“While HitchedPic is probably the best photo-sharing app out there for wedding photos, we see Photailor as the star of the show at the moment,” said Pegula, who left Strip District-based Deeplocal Inc. to start WorkShirt.

HitchedPic allows a bride and groom to collect photos and videos from their wedding experience. “It dominates life for months, and HitchedPic documents the whole thing, the entire wedding journey,” Pegula said. Friends and relatives upload their photos and share full access.

HitchedPic started as a paid site, at $49 for one year, but switched to a free model as Pegula and Bentsionov moved to increase usage.

But a problem with all those wedding photos, Pegula said, is that many are similar, like the bride and groom walking down the aisle from different angles. So HitchedPic made a registry — like a gift registry — where the couple asks for certain photos.

“We started to get the feeling that there was a greater opportunity out there,” Pegula said.

The result was Photailor.com — which could “turn millions around the world with cameras into paid photographers.”

Its target market is “stock photography” used by advertisers, graphic artists and publishers to illustrate print and online content.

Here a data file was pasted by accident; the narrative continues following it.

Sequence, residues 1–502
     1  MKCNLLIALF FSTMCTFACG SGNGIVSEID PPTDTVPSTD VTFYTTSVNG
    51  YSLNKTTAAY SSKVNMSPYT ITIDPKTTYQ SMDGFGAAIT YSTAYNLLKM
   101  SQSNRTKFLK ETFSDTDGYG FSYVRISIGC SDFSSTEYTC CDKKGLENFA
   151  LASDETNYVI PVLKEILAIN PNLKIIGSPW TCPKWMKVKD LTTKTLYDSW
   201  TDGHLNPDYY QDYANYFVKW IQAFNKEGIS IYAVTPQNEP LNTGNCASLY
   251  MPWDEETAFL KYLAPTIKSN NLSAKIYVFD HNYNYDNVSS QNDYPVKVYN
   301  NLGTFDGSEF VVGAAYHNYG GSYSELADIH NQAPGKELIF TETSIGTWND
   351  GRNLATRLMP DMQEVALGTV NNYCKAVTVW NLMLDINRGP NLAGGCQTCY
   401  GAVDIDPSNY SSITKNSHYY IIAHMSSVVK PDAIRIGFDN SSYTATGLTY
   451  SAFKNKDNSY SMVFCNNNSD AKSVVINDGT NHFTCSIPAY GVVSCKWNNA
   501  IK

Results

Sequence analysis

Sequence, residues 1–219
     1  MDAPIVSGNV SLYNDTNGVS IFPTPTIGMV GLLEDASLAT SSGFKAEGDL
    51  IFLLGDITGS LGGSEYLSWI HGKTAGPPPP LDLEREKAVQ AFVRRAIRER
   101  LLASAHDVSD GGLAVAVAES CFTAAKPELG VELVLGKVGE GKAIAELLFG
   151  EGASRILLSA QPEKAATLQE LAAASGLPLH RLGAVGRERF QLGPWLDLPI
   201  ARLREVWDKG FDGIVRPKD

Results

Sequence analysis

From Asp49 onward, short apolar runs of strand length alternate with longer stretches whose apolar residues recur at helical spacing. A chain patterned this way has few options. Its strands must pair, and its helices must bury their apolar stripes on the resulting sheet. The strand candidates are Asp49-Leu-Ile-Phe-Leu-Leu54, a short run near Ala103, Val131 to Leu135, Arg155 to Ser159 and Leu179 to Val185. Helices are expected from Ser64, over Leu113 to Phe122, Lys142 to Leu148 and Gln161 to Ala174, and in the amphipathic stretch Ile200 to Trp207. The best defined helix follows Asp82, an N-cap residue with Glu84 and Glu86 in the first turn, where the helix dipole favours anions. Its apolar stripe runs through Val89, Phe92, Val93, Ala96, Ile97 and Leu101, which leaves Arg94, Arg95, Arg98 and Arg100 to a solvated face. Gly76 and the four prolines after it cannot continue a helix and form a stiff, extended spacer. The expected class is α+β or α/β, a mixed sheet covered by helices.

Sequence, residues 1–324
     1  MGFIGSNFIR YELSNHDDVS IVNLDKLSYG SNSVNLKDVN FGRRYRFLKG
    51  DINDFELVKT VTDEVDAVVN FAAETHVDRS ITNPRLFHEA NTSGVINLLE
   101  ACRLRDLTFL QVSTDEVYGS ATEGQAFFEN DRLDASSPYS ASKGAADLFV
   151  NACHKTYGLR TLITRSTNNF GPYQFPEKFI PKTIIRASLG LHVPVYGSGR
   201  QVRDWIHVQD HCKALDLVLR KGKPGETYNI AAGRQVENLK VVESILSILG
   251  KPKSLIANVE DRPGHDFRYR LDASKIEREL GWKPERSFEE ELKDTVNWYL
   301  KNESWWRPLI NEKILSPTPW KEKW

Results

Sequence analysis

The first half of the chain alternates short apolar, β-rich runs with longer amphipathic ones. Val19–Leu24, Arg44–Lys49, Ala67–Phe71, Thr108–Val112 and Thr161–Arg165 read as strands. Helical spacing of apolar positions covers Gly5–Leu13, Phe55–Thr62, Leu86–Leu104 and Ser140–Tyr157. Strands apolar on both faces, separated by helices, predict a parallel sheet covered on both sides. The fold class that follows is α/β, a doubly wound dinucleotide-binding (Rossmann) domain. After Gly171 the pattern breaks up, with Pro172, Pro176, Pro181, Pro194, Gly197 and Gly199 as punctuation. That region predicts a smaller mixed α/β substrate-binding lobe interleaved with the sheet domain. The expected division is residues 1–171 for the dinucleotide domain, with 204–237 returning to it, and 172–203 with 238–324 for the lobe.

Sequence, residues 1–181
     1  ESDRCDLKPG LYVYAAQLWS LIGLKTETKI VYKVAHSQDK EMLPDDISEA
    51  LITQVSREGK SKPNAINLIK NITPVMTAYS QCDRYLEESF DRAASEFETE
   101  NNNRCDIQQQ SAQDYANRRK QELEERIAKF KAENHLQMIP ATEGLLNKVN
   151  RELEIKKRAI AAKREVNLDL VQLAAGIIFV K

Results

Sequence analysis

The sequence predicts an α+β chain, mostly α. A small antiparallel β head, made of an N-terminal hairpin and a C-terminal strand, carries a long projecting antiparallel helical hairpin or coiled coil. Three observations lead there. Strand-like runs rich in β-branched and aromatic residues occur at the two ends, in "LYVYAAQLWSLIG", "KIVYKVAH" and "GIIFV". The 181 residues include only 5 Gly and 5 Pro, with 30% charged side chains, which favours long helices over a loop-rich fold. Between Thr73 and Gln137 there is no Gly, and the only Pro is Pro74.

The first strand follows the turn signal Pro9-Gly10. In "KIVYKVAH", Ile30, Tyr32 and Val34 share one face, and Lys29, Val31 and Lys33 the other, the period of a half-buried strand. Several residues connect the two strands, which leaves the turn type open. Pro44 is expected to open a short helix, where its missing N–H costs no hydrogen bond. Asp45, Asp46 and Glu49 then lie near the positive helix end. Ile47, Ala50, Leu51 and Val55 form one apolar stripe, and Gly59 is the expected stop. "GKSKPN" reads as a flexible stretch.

“The stock photo market as it exists now is a multibillion-dollar industry,” Pegula said. But stock photograhy can be “boring,” and the trend is toward genuine content, “what people see in real life,” rather than airbrushed photos, he said.

At Photailor.com, publishers ask for specific “real” photos and offer to pay. “Stock photography is ripe for a bit of a shakeup, and today, smartphone cameras can take high enough quality photos,” Pegula said.

He and Bentsionov said they can compete with stock photograhy companies like Getty, Corbis and Shutterstock, supplying photos that fit the real-life trend they think is there.

Publishers pay $3.99 to post a request. An order posted on Tuesday, for example, offered $15 for a photo of a FedEx truck “parked on a street on a business district.” Photographers whose work is selected get the $15 deposited directly to their bank account.